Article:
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Encyclopedia > Gault clay

The Gault Clay is a formation of stiff blue clay deposited in a calm, fairly deep water marine environment during the Lower Cretaceous Period (Upper and Middle Albian). It is well exposed in the costal cliffs at Copt Point in Folkestone, Kent, England, where it overlays the Lower Greensand Formation.


The Gault Clay often contains numerous phosphatic nodules and may also contain sand as well as small grains of the mineral glauconite. Crystals of the mineral selenite are fairly common in places, as are nodules of pyrite.


The Gault Clay yields abundant marine fossils, including ammonites (such as Hoplites, Hamites, Euhoplites, Anahoplites, and Dimorphoplites), belemnites (such as Neohibolites), bivalves (such as Birostrina and Pectinucula), gastropods (such as Anchura), solitary corals, fish remains (including shark teeth), scattered crinoid remains, and crustaceans (such as the crab Notopocorystes). Occasional fragments of fossil wood may also be found.


The Gault Formation consists of both the Gault Clay and Upper Greensand.


The Gault exposure at Copt Point, which is the type locality for the formation, is 40 m in thickness.


See also


  Results from FactBites:
 
Gault - LoveToKnow 1911 (605 words)
In the south of England the Gault clay is fairly constant in the lower part, with the Greensand above; the clay, however, passes into sand as it is followed westward and, as already pointed out, the clay and sand appear to pass into a red chalk towards the north-east.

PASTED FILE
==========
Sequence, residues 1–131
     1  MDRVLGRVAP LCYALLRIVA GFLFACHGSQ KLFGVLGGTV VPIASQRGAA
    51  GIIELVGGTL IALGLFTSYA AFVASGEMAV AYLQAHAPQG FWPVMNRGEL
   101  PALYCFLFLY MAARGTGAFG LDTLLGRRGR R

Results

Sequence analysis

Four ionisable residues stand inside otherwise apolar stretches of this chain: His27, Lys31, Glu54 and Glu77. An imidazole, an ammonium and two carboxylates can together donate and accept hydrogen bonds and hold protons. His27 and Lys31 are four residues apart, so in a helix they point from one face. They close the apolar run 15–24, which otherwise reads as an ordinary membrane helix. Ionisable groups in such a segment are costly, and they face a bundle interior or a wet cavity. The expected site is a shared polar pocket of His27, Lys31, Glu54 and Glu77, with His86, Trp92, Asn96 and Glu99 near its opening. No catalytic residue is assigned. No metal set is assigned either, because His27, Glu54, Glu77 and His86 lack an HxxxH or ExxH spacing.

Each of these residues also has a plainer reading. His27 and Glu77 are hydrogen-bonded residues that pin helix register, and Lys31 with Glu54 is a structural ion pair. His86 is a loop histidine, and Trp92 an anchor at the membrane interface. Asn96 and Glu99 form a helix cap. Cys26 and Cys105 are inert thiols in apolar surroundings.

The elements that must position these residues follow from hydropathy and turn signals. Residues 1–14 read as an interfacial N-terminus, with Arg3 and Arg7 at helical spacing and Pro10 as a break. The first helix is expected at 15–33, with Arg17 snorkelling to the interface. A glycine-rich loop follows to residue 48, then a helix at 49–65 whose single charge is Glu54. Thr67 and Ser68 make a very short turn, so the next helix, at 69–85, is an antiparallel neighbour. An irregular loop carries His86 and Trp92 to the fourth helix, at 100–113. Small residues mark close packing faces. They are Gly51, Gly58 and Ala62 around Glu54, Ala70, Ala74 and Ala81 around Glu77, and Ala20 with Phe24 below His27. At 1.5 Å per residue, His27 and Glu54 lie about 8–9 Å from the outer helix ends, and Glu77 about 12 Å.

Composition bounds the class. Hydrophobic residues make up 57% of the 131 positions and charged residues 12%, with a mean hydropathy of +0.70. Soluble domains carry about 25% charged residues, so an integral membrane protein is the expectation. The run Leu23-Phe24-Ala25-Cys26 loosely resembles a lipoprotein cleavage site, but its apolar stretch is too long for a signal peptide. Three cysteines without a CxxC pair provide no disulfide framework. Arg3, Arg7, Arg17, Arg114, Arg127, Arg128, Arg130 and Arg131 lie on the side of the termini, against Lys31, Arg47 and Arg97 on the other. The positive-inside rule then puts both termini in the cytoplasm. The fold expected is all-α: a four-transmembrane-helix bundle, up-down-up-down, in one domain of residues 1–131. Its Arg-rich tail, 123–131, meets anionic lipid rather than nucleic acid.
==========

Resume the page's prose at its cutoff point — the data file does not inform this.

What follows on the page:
The Gault (with Upper Greensand) passes on to the Jurassic and Rhaetic rocks near Axmouth, and oversteps farther westward, in the Haldon Hills, on to the Permian.
In the Diester and Teutoberger Wald, and in the region of Halberstadt, the clays and marls are replaced by sandstones, the so-called Gault-Quader.
CMG: Mineralogical Society: Special Interest Groups (439 words)
The group publishes reference monographs on specific aspects of clay science, is responsible for the journal Clay Minerals, and sponsors the annual George Brown Lecture.
Clays of the Chalk: effects on structure, groundwater and slope stability.
The Salcombe Regis Landslip (2006): deformation and flowstudies of the Gault and Upper Greensand.
  More results at FactBites »

 
 

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